Rookie batsman Roland Cato said both he and Kavem Hodge knew any successful Windward Islands Volcanoes run chase in the Regional Super50 final, would depend heavily on them, especially after the innings lost early wickets.
The 20-year-old Cato top-scored with 54 as Volcanoes recovered from a stuttering start to beat defending champions Barbados Pride by three wickets in last Saturday’s final at Coolidge Cricket Ground in Antigua and secure their first domestic 50-overs title in five years.
Volcanoes were wandering at 72 for three in the 19th over in pursuit of 233, before Cato and Hodge, who made 39, put on 80 for the third wicket to revive the innings and lay the platform for victory.
“When I went into bat knowing we had just lost three quick wickets, me and Kavem just had a quick discussion knowing that one of us had to bat through [the innings] or bat as deep as possible in order for us to get the total,” said Cato, who was adjudged Man-of-the-Match.
“I didn’t bat right through but I think it was an all-round performance [from the guys].”
The title triumph represented a huge turn around in form for Volcanoes who started Group A of the preliminary stage in Barbados with three straight defeats.
But they went on a five-match winning streak to finish second in the group and reach the semi-finals, where they beat Guyana Jaguars to qualify for the championship game.
“I’m feeling really happy now especially since knowing how we started, losing the first three games, and knowing that we had to win all [of the remaining games] in order to win the competition,” Cato noted.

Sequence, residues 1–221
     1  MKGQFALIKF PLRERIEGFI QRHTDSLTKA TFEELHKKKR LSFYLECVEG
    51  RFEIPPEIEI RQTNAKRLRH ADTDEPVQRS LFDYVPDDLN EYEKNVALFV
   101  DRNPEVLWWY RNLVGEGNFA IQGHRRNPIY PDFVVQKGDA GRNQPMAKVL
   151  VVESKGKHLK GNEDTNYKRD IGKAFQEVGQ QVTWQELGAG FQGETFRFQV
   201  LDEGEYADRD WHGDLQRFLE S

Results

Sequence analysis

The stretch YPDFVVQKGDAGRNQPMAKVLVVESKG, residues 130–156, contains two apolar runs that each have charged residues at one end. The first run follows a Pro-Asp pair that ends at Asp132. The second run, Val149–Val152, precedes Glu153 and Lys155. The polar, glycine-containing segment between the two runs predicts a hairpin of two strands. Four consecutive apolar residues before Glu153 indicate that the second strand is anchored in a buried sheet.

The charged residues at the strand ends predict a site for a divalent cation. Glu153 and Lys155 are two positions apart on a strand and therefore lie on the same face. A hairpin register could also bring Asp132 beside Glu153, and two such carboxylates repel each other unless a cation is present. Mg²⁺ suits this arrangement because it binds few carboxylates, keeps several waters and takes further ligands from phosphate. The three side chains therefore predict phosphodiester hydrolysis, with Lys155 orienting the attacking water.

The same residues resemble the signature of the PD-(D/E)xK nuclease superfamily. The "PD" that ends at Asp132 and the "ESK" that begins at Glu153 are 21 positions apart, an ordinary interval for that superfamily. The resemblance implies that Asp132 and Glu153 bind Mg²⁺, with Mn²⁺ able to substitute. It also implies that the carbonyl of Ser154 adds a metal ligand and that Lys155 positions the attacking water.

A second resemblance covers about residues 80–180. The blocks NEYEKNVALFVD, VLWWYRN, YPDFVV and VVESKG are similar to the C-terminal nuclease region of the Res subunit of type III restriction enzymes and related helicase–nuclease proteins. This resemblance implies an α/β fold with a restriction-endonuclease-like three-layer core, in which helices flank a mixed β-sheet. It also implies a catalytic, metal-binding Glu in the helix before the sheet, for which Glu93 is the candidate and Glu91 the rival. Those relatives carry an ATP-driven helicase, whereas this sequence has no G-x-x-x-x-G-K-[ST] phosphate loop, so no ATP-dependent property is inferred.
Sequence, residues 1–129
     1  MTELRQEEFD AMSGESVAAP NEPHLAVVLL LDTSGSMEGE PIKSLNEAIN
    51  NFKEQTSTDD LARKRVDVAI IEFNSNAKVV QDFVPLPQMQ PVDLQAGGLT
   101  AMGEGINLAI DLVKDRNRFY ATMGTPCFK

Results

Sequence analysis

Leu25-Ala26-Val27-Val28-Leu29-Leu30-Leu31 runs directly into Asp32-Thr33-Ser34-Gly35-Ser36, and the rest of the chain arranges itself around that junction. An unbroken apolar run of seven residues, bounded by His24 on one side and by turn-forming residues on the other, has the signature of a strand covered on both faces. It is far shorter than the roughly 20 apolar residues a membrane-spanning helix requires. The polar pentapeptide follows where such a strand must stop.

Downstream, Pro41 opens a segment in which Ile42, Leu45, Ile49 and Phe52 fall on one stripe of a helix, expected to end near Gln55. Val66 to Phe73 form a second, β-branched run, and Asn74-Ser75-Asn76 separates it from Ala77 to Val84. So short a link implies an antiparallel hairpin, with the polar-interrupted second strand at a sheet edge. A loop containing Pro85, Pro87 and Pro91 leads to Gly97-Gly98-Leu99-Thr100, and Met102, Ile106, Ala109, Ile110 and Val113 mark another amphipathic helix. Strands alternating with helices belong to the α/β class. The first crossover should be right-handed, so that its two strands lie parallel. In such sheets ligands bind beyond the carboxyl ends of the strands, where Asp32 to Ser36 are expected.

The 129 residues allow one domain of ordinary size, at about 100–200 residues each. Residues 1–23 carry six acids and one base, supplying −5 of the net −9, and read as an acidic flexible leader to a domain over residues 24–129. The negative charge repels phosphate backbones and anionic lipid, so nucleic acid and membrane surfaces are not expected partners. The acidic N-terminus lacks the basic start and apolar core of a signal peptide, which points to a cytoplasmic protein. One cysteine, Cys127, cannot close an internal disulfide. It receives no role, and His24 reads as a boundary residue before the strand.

“Hats off to the guys. I think everyone gave 100 per cent.”
Captain Shane Shillingford, the leading bowler in the tournament with 23 wickets, helped take Volcanoes over the line in a 31-run, unbroken eighth-wicket stand with 19-year-old Youth World Cup star, Alick Athanaze, who was unbeaten on a run-a-ball 23.
“It’s an amazing feeling. Where we started from, once we picked up momentum in the middle of the tournament, we never looked back,” said the former Test off-spinner who finished on seven not out.
He praised his young players who he said represented a bright future for cricket in the sub-region.
“I think Kavem Hodge is a very talented player alongside young Athanaze who was coming from New Zealand (Under-19 World Cup) with the form he had,” Shillingford explained.
“These youngsters are very promising and it is very good for Windwards cricket.”
Meanwhile, Athanaze said he was never daunted by the tense circumstances late in his side’s run chase.
In his first match for Volcanoes after replacing the injured Tyrone Theophile, the left-hander struck the winning runs when he drove pacer Shamar Springer to the cover boundary.
“I’ve been in situations like this before so it was just a matter of keeping it simple, staying as calm as I could, keep knocking it around and bat until the end,” he said.
“I’ve batted with [Shillingford] before because he’s from Dominica obviously so it was nothing new, so we just had to keep doing what we were doing and hope things come out good for us and they did at the end and we’re thankful for that.”
With the Super50 triumph his first taste of title success, Athanaze said it was definitely the highlight of his fledgling career.
“It will rank at the top. It’s the first time I’ve ever won a championship so it’s right there at the top,” he pointed out.
“Coming in the team as a youngster it was kind of scary so right now I can walk with my head high.”
In addition to his heroics with the bat, Athanaze also had a major impact when Volcanoes fielded. First, he removed Pride top-scorer Jonathan Carter (80) with his off-spin to a superb catch in the deep by Hodge.
He then produced one of the highlights of the tournament when he leapt acrobatically airborne to his left at a shortish mid-on, to complete an astonishing two-handed catch and account for Springer off left-arm seamer Obed McCoy.